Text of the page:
Stepping Over a Sign
One of the older phrases sometimes used in real estate is when one competitor accuses another one of “stepping over my sign”. This means (or should mean) that an agent interfered with a valid listing, by approaching the owner directly to either list or try to list the property. In the case where an exclusive listing is present, this is a violation of the REALTOR® Code of Ethics. Standard of Practice 16-4 which states: “REALTORS® shall not solicit a listing which is currently listed exclusively with another broker. However, if the listing broker, when asked by the REALTOR®, refuses to disclose the expiration date and nature of such listing; i.e., an exclusive right to sell, an exclusive agency, open listing, or other form of contractual agreement between the listing broker and the client, the REALTOR® may contact the owner to secure such information and may discuss the terms upon which the REALTOR® might take a future listing or, alternatively, may take a listing to become effective upon expiration of any existing exclusive listing. (Amended 1/94)”
However, life isn’t always simple. If you read that Standard of Practice, you will note that the REALTOR® seeking (soliciting) the listing has the right to ask about the expiration date and nature of the listing. Simply put, an “open listing” is what it sounds like: open, non-exclusive, and not protected. Surprisingly, some agents still take open listings. And, an exclusive listing which has expired is, well, no longer a listing.
The other issue, though, is the agent who keeps a sign on a property after the listing has expired. I got a call this week from an agent who had listed a property which had been formerly listed (last fall) with another brokerage. The property is a seasonal one, which may help to explain why, in January, the lockbox and sign were still on the property. When the second agent listed the property, she was accused of “stepping over our sign” because there is still a sign on the property. Despite requests from the owners, the first agent had not removed the lockbox or the sign. The second agent asked me: “Can they do that?”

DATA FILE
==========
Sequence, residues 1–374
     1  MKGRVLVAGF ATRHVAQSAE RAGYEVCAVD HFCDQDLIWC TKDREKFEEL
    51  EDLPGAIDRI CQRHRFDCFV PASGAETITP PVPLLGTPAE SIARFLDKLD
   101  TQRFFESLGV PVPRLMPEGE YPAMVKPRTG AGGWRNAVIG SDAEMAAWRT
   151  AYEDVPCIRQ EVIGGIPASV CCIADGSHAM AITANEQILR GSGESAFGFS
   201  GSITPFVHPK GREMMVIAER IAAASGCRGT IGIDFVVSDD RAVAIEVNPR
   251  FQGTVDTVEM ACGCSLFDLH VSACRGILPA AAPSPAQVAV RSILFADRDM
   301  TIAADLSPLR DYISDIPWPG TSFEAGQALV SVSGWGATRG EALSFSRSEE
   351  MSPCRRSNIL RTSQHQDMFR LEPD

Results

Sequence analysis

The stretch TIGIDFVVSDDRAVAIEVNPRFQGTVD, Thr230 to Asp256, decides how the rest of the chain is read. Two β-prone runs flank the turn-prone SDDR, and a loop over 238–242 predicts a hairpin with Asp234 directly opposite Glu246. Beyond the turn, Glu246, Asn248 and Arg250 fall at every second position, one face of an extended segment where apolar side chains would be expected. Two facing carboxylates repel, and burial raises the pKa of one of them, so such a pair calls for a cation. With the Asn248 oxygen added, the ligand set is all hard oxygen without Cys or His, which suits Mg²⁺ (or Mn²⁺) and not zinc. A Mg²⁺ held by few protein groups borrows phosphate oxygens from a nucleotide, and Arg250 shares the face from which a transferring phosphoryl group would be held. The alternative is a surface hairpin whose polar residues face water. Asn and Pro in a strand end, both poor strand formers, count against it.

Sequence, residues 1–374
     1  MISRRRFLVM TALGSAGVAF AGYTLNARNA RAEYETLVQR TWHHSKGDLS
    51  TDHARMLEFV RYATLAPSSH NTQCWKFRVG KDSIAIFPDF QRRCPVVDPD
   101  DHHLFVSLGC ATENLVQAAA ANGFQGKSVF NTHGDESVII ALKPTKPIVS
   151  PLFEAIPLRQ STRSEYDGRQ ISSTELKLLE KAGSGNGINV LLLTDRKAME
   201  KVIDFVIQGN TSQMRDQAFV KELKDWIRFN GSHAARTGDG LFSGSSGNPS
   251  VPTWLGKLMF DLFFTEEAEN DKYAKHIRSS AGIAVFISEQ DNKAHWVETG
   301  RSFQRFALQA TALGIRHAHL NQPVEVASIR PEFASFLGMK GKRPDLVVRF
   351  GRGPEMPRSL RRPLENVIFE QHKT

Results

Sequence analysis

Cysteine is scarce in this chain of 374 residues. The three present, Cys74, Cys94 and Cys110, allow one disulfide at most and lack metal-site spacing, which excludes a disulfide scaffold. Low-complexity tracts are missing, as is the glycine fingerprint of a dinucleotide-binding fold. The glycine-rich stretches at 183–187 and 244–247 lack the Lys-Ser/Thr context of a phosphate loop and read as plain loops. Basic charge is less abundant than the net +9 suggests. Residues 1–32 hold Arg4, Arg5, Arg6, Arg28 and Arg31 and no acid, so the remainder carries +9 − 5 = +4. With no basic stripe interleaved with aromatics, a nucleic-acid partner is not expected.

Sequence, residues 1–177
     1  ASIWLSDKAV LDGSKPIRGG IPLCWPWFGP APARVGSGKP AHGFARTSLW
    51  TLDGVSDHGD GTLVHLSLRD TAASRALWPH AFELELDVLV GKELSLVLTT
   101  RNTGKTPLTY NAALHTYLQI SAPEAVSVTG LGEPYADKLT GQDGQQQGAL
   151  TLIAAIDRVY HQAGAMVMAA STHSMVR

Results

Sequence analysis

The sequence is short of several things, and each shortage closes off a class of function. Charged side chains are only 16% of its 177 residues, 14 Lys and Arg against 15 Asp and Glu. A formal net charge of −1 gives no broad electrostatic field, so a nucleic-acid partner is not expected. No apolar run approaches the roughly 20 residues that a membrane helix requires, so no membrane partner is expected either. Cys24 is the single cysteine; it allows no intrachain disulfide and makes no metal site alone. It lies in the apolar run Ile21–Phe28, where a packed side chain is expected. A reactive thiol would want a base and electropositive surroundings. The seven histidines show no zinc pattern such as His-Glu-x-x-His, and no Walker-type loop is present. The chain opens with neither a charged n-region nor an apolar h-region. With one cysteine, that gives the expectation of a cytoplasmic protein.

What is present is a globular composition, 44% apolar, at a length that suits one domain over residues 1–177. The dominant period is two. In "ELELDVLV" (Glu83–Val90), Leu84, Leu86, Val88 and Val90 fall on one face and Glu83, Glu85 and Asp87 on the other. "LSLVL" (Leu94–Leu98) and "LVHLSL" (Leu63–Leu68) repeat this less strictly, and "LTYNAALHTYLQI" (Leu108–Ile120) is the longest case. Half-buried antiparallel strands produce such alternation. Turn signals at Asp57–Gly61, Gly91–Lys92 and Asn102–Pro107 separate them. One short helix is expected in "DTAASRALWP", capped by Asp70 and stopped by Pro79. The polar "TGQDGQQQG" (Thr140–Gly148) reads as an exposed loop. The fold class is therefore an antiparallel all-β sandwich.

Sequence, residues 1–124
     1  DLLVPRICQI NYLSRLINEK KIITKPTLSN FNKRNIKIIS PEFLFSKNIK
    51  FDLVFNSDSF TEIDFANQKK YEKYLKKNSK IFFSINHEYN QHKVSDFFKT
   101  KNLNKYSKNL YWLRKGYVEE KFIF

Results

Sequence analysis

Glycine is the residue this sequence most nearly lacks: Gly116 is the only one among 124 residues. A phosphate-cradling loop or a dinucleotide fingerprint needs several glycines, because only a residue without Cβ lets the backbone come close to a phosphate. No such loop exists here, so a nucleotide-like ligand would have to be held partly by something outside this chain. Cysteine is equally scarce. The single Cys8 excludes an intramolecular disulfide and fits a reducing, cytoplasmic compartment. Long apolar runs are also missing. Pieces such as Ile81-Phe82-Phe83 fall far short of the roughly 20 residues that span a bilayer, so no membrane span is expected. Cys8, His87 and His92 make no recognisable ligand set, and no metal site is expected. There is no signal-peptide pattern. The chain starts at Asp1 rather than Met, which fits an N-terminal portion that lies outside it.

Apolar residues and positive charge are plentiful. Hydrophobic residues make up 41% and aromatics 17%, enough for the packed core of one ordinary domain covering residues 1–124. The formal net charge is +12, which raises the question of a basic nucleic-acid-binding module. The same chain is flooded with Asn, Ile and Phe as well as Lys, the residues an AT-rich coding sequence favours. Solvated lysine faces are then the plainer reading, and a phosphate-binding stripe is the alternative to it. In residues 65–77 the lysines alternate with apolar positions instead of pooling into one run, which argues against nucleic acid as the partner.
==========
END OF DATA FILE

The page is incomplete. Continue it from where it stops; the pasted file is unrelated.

My answer is: No! The authority we have as agents to put signs and lockboxes on property; advertise and market property; show and hold Open Houses on property is all found in the listing contract. In every state law I’ve examined, exclusive listing contracts between agent and seller must have a definite ending date, with no automatic renewals. And, state laws similarly state that agents must have permission to put up a sign, advertise, or show property. In other words, the agent has to get authority from the seller to continue the listing—and the permissions given in the listing. Exclusive contracts have a fixed ending date. Having an exclusive contract is like being pregnant—you either are (you have an exclusive contract) —or you aren’t (you don’t have one). There is no in between. As far as the Code of Ethics goes, there are two Standards of Practice which direct us, as REALTORS® to honor a seller’s instructions with respect to showings. They are:
Standard of Practice 1-16
REALTORS® shall not use, or permit or enable others to use, listed or managed property on terms or conditions other than those authorized by the owner or seller. (Adopted 1/12)
Standard of Practice 3-9
REALTORS® shall not provide access to listed property on terms other than those established by the owner or the listing broker. (Adopted 1/10)
So if you are a REALTOR®, have exclusive contracts—the Code of Ethics urges exclusive representation of clients—and recognize that when your contract ends, so does your authority.
Melanie J. McLane is a broker, appraiser and educator. She covers this topic in her course: “Dollars and Sense”. She can be reached at Melanie@theMelanieGroup.com
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